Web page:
In short, a hypothetical future statement that w2k has 65k "bugs" and w2k-sp1 has only 33k "bugs" would be a completely meaningless comparison, and says absolutely nothing about the quality of either code.

    There is no accurate measure of the "bugginess" of the code, particularly one as complex as w2k. For a very simple code, I may measure bugginess by testing all possible inputs (for example, consider a code with two bits of input, bit A and bit B, whose assigned task is to return (A OR B). If the code returns 0 for A=0,B=0 and 1 otherwise, the code is 0% buggy. If the code always returns 0, it got 3 test cases wrong out of four and is 75% buggy).

    We often rely on anecdotal evidence to evaluate software ("We have fixed the problem in the PPP script") and compare different pieces of software but should take numerical measurements (such as this bug count) with a grain of salt.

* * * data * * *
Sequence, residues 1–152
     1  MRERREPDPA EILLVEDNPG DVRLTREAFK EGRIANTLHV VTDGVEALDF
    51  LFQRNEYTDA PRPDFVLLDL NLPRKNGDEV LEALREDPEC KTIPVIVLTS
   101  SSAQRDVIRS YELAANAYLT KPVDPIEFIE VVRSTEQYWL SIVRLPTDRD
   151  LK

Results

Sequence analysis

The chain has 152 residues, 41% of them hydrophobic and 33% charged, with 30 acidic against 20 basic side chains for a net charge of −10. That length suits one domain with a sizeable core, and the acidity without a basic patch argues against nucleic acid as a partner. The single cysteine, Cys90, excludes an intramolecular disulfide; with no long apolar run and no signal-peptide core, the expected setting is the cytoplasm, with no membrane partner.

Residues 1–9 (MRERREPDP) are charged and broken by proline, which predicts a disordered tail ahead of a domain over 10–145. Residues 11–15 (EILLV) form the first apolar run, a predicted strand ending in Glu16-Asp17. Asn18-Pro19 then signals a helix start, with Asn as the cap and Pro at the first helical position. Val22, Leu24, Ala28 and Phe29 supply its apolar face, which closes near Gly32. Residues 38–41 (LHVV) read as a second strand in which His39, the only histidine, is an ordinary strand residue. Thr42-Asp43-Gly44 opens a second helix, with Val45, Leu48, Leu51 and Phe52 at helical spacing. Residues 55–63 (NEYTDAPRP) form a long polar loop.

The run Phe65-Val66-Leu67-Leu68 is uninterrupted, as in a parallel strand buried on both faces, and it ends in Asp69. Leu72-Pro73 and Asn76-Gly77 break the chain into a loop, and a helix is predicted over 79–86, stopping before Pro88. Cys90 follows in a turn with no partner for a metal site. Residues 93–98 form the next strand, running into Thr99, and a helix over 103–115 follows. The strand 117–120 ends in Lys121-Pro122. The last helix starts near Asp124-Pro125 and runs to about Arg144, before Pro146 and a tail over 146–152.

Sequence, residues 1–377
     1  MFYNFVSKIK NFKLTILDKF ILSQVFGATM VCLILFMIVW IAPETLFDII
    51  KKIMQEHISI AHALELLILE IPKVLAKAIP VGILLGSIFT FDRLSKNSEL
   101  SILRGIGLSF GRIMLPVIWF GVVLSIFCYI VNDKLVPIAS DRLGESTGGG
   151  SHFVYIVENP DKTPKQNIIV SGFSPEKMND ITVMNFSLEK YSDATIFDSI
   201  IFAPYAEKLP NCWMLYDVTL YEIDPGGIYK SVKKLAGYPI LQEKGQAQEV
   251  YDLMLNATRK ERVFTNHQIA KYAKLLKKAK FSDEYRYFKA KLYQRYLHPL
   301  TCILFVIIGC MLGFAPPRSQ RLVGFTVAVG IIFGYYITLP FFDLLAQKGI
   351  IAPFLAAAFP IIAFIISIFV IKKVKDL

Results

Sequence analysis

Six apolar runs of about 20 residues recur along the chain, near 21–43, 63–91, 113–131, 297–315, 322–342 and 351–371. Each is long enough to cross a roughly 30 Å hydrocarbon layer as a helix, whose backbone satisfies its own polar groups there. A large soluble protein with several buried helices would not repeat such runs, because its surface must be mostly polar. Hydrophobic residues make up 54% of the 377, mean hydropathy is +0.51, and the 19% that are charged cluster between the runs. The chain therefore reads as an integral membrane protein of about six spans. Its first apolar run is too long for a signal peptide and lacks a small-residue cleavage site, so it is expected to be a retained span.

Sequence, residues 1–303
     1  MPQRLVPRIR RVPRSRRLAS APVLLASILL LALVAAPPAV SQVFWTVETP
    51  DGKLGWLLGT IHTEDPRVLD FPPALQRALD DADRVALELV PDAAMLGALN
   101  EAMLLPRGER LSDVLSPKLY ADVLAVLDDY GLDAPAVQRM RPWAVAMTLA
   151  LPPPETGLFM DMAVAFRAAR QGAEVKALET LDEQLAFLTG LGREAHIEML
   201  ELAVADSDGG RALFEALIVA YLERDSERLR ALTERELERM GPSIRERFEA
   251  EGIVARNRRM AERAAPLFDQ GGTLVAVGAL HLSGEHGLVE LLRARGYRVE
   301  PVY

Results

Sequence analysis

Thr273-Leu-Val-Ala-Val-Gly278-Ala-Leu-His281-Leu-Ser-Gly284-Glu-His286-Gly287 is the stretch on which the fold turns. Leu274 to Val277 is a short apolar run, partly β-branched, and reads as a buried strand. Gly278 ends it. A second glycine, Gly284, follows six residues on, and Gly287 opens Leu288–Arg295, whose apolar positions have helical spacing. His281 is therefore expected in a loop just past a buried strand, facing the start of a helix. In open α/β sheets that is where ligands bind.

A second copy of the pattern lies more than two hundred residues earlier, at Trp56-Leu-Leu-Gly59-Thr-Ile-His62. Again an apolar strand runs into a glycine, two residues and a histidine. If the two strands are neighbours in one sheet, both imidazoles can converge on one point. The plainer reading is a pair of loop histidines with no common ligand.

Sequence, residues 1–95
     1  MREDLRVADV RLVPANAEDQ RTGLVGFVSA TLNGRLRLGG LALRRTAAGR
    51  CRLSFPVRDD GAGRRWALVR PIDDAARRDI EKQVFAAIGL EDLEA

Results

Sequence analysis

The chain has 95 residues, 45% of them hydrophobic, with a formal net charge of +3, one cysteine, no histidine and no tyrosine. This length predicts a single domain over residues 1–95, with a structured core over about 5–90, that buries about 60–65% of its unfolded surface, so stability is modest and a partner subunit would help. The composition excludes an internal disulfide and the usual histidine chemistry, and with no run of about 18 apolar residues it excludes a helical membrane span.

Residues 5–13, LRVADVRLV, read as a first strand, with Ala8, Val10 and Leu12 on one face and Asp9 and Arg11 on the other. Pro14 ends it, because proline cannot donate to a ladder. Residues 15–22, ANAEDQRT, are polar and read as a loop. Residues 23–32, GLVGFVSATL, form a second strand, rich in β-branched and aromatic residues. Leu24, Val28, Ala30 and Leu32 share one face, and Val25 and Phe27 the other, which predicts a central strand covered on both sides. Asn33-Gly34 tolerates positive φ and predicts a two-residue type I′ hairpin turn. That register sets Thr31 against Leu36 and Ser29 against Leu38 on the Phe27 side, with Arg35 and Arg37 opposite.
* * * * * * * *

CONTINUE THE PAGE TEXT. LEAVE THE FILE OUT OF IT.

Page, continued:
• Whoops, wasn't thinking myself. The if block is only evaulated if your || condition is true and Linux_community is "true".

    You might have meant something like

    if (Liunx_community & (creationism | fundamentalism))
  • Ooh looks like this font included is a bit rough on the bottom corner of the "R" Theres a bug

    Yeah, funny you should say that cause bugs like that do get submitted to microsoft and processed.

    I think many of the bugs are more like compatability issues to various hardware and software combinations that "could" arise.

    Windows 2000 is inherently more stable because of it's underlying WNT/VMS architecture, so apps won't take down the OS as easily as they could on 9x.
  • That's nothing ;), machine at work has been up for 4 months, and it's not going down until i get an RTM and have to upgrade. It's still running a real old build at the moment :)
  • It is next to impossible for windows 2000 to crash without a BSOD. I am willing to bet that you have a hardware problem. Either some IRQ conflict or you're overclocking. That's what causes system freezeups.